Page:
Again, it's very much about whether you dare report a problem about, say, a manager, if you know they will get your name in connection with the report. This is why the whistleblower scheme is a great advantage, since, as mentioned, you can report anonymously.

You are typically not the only employee who has noticed problems or fraud in your workplace, but typically not many people dare to come forward and highlight the problem. That's why a whistleblower scheme makes it easier to highlight problems so that action can be taken.

As mentioned, it is always preferred if you can take discussions internally within the company and not have to blow it up and out to the public and social media. Typically, it is easier to resolve an issue internally and more quietly than if the public has to be involved.

A well-known example

A well-known example of a whistleblower is the American Edward Snowden. He worked at the NSA (National Security Agency), but in 2013 he claimed to have experienced more ethical problems with the organisation. Snowden reportedly spoke to several employees internally at the NSA before going to various journalists and newspapers.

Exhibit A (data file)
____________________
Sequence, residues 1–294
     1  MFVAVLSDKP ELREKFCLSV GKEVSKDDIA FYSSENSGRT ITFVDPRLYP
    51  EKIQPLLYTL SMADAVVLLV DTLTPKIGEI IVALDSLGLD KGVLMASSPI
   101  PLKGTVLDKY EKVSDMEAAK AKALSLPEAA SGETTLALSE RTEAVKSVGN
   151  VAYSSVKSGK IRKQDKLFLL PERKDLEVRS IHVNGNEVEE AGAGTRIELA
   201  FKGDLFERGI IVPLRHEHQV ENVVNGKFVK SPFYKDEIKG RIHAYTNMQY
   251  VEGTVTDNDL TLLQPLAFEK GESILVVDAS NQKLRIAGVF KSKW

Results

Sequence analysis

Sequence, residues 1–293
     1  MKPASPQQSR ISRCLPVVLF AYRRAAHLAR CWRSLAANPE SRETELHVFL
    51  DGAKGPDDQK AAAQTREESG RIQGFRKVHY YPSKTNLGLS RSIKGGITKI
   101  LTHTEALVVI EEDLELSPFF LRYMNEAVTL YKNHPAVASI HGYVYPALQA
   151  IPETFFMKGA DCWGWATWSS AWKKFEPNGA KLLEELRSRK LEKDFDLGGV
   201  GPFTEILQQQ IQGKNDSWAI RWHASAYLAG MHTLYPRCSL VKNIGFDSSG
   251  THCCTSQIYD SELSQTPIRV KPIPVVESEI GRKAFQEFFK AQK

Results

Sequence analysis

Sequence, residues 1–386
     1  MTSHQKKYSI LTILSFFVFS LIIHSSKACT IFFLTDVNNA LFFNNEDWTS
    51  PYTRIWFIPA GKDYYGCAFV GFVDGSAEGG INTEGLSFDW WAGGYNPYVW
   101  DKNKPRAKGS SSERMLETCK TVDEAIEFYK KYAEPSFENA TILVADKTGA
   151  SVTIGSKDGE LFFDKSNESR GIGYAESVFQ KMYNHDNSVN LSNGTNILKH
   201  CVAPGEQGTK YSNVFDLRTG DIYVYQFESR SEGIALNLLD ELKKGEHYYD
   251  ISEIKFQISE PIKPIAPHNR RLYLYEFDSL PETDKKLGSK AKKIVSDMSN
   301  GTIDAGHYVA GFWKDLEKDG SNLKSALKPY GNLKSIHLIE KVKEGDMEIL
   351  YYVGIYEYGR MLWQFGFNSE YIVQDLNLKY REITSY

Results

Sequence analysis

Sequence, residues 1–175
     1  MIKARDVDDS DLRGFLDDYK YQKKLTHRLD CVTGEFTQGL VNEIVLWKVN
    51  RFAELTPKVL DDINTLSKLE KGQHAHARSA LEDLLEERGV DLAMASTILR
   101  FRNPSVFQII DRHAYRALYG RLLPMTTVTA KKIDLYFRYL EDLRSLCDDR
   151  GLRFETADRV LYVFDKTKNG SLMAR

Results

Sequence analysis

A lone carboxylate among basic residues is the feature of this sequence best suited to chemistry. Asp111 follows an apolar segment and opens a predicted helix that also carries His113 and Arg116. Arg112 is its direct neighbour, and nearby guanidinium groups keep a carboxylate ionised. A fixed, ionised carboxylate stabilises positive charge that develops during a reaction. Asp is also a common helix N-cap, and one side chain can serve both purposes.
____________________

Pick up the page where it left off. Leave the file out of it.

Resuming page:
This escalated to great heights, and ended with Snowden seeking asylum in Russia, where he has remained ever since.

Snowden is called many things, including a whistleblower because he shared information and concerns about his then-workplace.

The NSA is a very large organisation and few would be able to cause such a stir around the world. The takeaway from Snowden's example is that the whistleblower regime allegedly did not properly come into force. It will be allegation against allegation, but either way, it caused a big debate and put a new light on the whistleblower regime.

Food for thought

One of the things to remember about the whistleblower scheme is that anyone can report problems and fraud.

That said, if there are personal issues involved, the whistleblower scheme should not be exploited; it is impartial and should not be exploited.

With the example above, it can be seen that mishandling whistleblowing can lead to major consequences for an organisation's reputation.

In addition to a company's reputation, they can also lose both financial resources, as well as employees. If a workplace does not have a whistleblower scheme, employees may see no other option than to resign. Problems can grow and lack of resolution can lead to lack of employees.

Therefore, the introduction of a whistleblower scheme can only be recommended as it ensures a better working culture, a more positive workplace and transparency between employees.

Author Caroline Preisler

Caroline Preisler

Caroline is a copywriter here at Moxso beside her education. She is doing her Master's in English and specializes in translation and the psychology of language. Both fields deal with communication between people and how to create a common understanding - these elements are incorporated into the copywriting work she does here at Moxso.

View all posts by Caroline Preisler